Q: Do I have to believe in God or Jesus in order to become a Justiciar Knight?
A: As this is a cultural war, our definition of being a Christian does not necessarily constitute that you are required to have a personal relationship with God or Jesus.
He goes on to say that a "Christian fundamentalist theocracy" is "everything we DO NOT want," and a "secular European society" is "what we DO want."
"It is enough," Breivik says, "that you are a Christian-agnostic or a Christian-atheist." That statement doesn't even make sense in America.
At the one and only meeting of Breivik's "Knights Templar" in London in 2002, there were nine attendees, three of whom he describes as "Christian atheists" and one as a "Christian agnostic." (Another dozen people mistook it for a Renaissance Faire and were turned away.)
Breivik clearly explains that his "Knights Templar" is "not a religious organization but rather a Christian 'culturalist' military order." He even calls on the "European Jewish, Buddhist and Hindu community" to join his fight against "the Islamization of Europe."
He doesn't believe in Christianity or want anyone else to, but apparently supports celebrating Christmas simply to annoy Muslims.
Breivik says he is "not an excessively religious man," brags that he is "first and foremost a man of logic," calls himself "economically liberal" and reveres Darwinism.
But Times reporters had their "Eureka!" moment as soon as they heard Breivik used the word "Christian" someplace to identify himself. No one at the Times bothered to read Breivik's manifesto to see that he doesn't use the term the way the rest of us do. That might have interfered with the paper's obsessive Christian-bashing.
Other famous killers dubbed conservative Christians by the Times include Timothy McVeigh and Jared Loughner.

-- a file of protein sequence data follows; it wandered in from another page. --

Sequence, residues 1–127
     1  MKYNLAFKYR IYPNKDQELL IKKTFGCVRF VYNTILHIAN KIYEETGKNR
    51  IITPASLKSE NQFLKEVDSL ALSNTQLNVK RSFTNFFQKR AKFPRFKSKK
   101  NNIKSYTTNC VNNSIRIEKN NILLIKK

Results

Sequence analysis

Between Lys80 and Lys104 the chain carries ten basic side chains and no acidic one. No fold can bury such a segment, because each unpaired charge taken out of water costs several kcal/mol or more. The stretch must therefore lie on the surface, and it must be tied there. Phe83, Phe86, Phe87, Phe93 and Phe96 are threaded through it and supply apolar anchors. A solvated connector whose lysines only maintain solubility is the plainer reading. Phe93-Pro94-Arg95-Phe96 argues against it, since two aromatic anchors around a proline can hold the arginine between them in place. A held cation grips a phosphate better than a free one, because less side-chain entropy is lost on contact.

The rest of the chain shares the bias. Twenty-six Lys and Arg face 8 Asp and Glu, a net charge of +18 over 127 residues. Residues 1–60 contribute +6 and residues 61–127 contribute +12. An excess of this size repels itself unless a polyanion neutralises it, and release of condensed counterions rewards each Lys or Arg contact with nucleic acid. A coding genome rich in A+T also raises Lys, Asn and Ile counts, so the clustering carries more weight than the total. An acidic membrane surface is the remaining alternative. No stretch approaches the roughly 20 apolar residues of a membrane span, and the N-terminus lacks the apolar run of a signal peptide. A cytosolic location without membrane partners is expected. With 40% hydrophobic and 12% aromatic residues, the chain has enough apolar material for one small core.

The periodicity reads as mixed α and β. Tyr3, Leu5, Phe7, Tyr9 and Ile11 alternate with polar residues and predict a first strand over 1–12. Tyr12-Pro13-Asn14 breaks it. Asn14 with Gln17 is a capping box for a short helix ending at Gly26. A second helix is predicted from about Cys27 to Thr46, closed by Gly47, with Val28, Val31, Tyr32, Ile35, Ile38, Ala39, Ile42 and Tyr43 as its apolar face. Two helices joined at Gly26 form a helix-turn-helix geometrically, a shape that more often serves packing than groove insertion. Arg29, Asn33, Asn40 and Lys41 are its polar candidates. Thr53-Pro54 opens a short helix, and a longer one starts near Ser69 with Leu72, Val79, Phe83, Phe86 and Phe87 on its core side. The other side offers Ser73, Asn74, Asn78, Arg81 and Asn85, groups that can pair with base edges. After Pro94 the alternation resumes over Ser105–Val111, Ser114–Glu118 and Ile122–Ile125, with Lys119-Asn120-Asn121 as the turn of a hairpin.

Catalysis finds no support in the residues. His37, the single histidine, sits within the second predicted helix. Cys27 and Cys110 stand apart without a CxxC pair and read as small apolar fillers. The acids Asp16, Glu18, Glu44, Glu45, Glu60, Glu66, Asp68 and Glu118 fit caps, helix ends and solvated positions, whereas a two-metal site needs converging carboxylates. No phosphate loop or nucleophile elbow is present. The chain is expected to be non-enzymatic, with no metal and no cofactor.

McVeigh was a pot-smoking atheist who said, "Science is my religion."
Similarly, Breivik says in his manifesto that "it is essential that science take an undisputed precedence over biblical teachings" –- a statement that would be incomprehensible to all the real scientists, such as Copernicus, Kepler, Galileo, Descartes, Bacon, Newton, Mendel, Pasteur, Planck, Einstein and Pauli, all of whom believed the whole purpose of science was to understand God.
The Tucson shooter, Jared Loughner, was lyingly described by the Times as a pro-life fanatic. Not only did more honest news outlets, such as ABC News, report exactly the opposite -- for example, how Loughner alarmed his classmates by laughing about an aborted baby in class -- but Loughner's friends described him as "left wing," "a political radical," "quite liberal" and "a pothead." Another said Loughner's mother was Jewish.
The only reason Timothy McVeigh has gone down in history as a right-wing Christian and Jared Loughner has not -- despite herculean efforts by much of the mainstream media to convince us otherwise -- is that by January 2011 when Loughner went on his murder spree, conservatives had enough media outlets to reveal the truth.
As explained in the smash best-seller "Demonic: How the Liberal Mob Is Endangering America," the liberal rule is: Any criminal act committed by a white man with a gun is a right-wing, Christian conspiracy, whereas any criminal act committed by a nonwhite is the government violating someone's civil liberties.
It's too bad Breivik wasn't a Muslim extremist open about his Jihadist views, because I hear the Army is looking for a new psychiatrist down at Fort Hood.
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